Dr. David Conwell is upfront about his preference for Greek, even though he was hired by former assistant headmaster Doug Hale in 1995 to teach Latin.
“I have always liked Greek more,” muses Conwell, “It’s like a preference for a PC or a Mac, or dog people versus cat people. I’ve always been a Greek person.”
Conwell has done a lot of adapting in his 25 years of teaching at Baylor, most recently adjusting to remote classes due to the COVID-19 shutdown. As a new teacher, Conwell says he did not arrive with an established pedagogy, joking that he had “a natural inability to lecture students.” Instead, he instinctively started asking questions of his students, a practice which became fundamental to how he engages them. “I take the temperature of the room by asking them what they know and what interests them, and then I go from there. We do the learning together.”
I take the temperature of the room by asking them what they know and what interests them, and then I go from there. We do the learning together.
Student engagement became a challenge for teachers throughout the U.S. when schools closed nationwide in March. “I was at a disadvantage. There was no way to take the temperature of the room by looking at faces on Zoom,” says Conwell, who found that asking questions was “more like a dead end.” He turned to Zoom breakout rooms in order to allow him to split his classroom into separate sessions; as the meeting leader, he was able to drop in on them. “They saw my face suddenly appear and they were consistently engaged, so I began finding a way.”
A native of Philadelphia, where he was valedictorian of his high school class, Conwell then majored in art history at Trinity, was a fellow at the American School of Classical Studies in Athens, received a dissertation grant from Mellon Bank, and earned his PhD in Mediterranean archaeology, spending eight summers excavating in Cyprus. He has published numerous articles in scholarly journals and speaks and/or reads six languages. He has taught at Penn and at the Academy of Fine Arts in Stuttgart (Germany), and he worked as a research associate at the University of Pennsylvania museum. In the summer of 1997, he received a Fulbright Fellowship for study in Italy. In summer 2004, Conwell received a Summer Stipend from the National Endowment for the Humanities for research in Athens, Greece on his book, Connecting a City to Its Navy: The Long Walls of Athens. In 2016, he received a Barks-Guerry Grant to travel to Normandy, France, where he studied the physical remains and sites from many periods, but particularly the many World War II-related sites and museums. He was selected by his colleagues as the 2018 recipient of the Glenn Ireland II Chair for Distinguished Teaching.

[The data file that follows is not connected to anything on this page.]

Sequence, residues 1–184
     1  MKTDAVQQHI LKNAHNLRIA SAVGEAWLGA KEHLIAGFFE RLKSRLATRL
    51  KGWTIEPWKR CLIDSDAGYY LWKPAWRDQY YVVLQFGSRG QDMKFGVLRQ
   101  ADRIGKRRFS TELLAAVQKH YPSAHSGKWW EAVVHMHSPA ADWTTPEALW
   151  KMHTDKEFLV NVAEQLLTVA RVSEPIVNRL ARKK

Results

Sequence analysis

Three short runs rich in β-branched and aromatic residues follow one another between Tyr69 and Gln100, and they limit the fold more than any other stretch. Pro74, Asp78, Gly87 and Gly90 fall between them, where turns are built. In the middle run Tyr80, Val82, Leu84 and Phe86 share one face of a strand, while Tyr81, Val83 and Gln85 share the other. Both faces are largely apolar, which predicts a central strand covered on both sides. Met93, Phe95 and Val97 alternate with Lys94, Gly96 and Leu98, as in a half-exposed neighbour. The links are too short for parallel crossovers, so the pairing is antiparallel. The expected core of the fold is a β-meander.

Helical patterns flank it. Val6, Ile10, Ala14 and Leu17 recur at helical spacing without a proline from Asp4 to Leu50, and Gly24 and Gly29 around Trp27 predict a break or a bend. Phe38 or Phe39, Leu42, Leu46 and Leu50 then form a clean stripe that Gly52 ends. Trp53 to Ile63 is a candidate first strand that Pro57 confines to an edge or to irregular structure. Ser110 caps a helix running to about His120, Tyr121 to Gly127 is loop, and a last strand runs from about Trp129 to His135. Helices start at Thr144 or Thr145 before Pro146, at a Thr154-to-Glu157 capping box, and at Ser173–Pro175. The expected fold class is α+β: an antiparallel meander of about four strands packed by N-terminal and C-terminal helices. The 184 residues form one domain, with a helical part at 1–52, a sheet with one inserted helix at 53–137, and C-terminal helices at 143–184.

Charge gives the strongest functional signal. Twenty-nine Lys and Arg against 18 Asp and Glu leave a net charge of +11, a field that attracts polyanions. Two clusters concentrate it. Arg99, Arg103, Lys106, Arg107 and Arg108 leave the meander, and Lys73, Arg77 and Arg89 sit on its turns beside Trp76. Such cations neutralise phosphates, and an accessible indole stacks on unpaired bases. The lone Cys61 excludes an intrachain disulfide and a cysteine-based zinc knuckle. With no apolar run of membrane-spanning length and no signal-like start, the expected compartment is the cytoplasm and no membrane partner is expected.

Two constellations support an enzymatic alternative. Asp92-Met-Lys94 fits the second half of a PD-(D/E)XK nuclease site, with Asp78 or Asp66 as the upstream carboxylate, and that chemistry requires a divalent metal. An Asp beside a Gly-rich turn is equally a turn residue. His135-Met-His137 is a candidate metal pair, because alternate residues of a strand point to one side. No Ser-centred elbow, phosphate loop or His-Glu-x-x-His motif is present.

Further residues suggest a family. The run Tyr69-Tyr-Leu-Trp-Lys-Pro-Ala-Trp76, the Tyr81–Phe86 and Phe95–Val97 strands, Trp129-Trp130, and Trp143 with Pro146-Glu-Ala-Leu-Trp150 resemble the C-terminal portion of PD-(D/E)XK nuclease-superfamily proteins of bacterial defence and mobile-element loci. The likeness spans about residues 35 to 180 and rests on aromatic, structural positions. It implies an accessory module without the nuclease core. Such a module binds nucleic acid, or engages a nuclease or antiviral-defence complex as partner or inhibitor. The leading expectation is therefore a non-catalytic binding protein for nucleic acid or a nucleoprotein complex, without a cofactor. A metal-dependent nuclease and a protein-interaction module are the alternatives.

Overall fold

Conwell was named history department chair in 2012. In addition to Latin and European history, Conwell has taught an elective entitled Archeology of Egypt and Mesopotamia, as well as U.S. history and Advanced Placement (AP) Human Geography. He started and led a Latin club, with activities that included building wooden Roman columns and a medieval rock machine. “The Medieval rock-throwing machine was a trebuchet, which could in fact throw rocks, although we actually used tennis balls. David also admits, “I wanted to build a chariot, but we didn’t get to it.”
In 1995, we wanted to find a place that was good for raising kids...we could see that [Chattanooga] was one of those places, and we have had no regrets. We had wanted to go to the northeast, and we are just doing it 25 years late.
His career has also included leading the school’s debate team, which competes in the local Southeastern High School Model United Nations conference, the statewide Youth in Government conference in Nashville, and the annual Harvard Model Congress in San Francisco. “My job was to get the kids organized...It was really the [student] officers who were fantastic in that they did most of the hard work of preparing Baylor delegates to excel at conferences” notes Conwell.
Reflecting on the path that led him to Baylor, Conwell says he and his wife, Eva, had been planning to live in the northeast before Hale enticed them to Tennessee. Although the Conwells raised their children, Lucas ’12 and Sophia ’14, in Chattanooga, they are ready for a new adventure. They love Brunswick, Maine, and are planning to move there once it is safe and logistically possible to do so. “In 1995, we wanted to find a place that was good for raising kids...we could see that [Chattanooga] was one of those places, and we have had no regrets. I used to say that the power of Doug’s personality was instrumental in turning us 180 degrees opposite of the direction we wanted to go. We had wanted to go to the northeast, and we are just doing it 25 years late.”